In addition, the study suggested that the interest rate on agricultural credit be reduced and that the functions and activities of non-institutional credit agencies be regulated and controlled.

Payment for farmers’ produce should be made directly to farmers, not commission agents, so that farmers are freed from the servitude of commission agents or moneylenders.

Third, there should be compensation for crop failure, the study notes. As for a long-term solution, farm profitability should be improved by mitigating production and marketing risks.

To this end, the supply of agricultural products must be efficient and effective. Moreover, cultivation costs should be reduced by providing agricultural inputs, such as seed fertilizers, agrochemicals and agricultural machinery at subsidized prices, according to the study.

A farmer walks through a paddy field in the village of Tanaurah in Punjab. Photo: Reuters/Ajay Verma

The next problem, according to the study, is related to the heavy agricultural mechanization which pushed the peasantry even further into debt. Many small farmers took out loans to buy tractors. This decision turned out to be economically unviable.

In Punjab, about a quarter of smallholder farmers in the state own tractors, which makes their operation unviable due to higher fixed costs and other reasons.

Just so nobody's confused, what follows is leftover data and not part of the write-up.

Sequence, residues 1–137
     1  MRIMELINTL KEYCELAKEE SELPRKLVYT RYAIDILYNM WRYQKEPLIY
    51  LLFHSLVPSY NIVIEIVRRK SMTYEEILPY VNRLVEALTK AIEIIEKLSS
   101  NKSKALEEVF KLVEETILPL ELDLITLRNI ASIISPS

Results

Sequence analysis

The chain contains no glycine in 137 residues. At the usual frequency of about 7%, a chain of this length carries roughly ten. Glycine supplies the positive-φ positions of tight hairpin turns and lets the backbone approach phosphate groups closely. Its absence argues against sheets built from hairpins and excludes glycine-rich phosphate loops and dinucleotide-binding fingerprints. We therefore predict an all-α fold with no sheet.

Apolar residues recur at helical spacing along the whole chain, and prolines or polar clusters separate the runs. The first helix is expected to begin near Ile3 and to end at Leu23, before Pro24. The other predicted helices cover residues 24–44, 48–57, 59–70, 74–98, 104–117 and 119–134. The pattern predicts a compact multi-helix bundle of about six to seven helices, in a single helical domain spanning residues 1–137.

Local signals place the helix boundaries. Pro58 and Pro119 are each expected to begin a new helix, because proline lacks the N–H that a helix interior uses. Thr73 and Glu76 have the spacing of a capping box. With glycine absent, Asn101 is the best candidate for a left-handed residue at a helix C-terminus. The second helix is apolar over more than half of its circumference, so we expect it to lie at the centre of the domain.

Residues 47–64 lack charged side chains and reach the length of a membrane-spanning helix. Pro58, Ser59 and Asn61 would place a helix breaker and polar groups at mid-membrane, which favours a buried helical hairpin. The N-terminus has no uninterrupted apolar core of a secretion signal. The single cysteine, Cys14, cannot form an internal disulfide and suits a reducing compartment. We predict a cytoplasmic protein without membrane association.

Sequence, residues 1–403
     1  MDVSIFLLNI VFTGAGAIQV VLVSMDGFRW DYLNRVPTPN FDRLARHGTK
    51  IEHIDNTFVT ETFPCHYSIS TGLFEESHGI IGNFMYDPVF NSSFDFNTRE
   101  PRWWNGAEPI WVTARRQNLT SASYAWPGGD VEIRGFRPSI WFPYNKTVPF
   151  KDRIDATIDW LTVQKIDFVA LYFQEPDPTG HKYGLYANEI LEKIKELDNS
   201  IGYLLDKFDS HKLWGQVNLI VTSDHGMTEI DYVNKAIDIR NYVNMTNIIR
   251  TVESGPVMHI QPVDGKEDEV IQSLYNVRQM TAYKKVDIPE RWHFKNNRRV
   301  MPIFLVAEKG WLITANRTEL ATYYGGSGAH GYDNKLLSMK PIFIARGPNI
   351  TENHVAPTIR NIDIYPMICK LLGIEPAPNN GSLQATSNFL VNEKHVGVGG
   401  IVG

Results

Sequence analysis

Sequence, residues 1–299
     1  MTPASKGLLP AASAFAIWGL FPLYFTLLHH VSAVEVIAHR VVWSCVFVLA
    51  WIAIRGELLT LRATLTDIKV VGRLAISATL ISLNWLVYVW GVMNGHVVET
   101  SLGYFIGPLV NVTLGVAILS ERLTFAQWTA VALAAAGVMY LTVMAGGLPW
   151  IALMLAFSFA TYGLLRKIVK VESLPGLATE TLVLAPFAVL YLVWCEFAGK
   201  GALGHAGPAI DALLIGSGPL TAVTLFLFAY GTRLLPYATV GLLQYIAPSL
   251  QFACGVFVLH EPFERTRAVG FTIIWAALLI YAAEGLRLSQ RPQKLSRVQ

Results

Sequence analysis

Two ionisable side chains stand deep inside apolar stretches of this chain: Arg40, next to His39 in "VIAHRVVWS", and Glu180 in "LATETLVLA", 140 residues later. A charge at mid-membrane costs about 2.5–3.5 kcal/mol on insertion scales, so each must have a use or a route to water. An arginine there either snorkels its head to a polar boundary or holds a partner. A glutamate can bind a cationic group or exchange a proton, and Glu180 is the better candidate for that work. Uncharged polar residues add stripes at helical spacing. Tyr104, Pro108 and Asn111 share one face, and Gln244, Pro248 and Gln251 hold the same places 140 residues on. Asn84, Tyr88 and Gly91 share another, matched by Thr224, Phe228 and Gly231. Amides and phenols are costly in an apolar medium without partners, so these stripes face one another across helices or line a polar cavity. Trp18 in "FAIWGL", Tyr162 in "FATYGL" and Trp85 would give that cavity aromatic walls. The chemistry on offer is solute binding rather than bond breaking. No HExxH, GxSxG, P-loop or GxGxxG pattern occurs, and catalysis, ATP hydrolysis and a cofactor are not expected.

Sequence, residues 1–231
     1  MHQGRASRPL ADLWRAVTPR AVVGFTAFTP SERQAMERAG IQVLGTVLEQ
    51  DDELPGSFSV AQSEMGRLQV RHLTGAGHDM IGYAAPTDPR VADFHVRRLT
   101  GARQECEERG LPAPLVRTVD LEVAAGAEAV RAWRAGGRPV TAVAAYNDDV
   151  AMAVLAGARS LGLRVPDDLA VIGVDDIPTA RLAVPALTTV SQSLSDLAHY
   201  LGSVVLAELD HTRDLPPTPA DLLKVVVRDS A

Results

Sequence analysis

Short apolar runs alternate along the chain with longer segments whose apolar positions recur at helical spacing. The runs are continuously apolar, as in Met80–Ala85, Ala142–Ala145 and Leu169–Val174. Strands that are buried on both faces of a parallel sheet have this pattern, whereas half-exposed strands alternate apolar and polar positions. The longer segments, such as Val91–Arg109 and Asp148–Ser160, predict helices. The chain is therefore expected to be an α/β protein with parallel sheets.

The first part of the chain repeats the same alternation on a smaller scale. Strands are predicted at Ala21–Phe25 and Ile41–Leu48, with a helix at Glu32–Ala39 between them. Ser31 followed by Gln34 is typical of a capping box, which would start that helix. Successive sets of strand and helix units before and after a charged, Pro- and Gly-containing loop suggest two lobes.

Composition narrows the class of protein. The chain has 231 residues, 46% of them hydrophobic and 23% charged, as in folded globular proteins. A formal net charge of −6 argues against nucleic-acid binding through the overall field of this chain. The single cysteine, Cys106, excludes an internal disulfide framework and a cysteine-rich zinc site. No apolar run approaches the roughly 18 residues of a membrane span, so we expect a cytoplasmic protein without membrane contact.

Therefore, agricultural machinery service centers should be set up in each village on a cooperative basis. In these countries, small farmers should be given priority for the rental of tailor-made machines.

The study also called for the strengthening of the public health and education sectors by providing effective and efficient free services to people in general and families in distress in particular.

All eyes on the new government

Ahead of the elections in Punjab, Aam Aadmi party leader Arvind Kejriwal had claimed that if his party were to form the government in Punjab, he would end suicide deaths among farmers.

Within two months of the AAP coming to power, two dozen farmers committed suicide.

The opposition, including Punjab Congress leader Amarinder Singh Raja Warring, criticized the Bhagwant Mann-led government for failing to deliver on its promise.

Punjab AAP spokesman Malvinder Singh Kang said The Thread that the Mann government is committed to taking adequate measures to make agriculture profitable in Punjab and to lift farmers out of debt cycles.

“The result will soon be visible in terms of political intervention and other measures,” he added.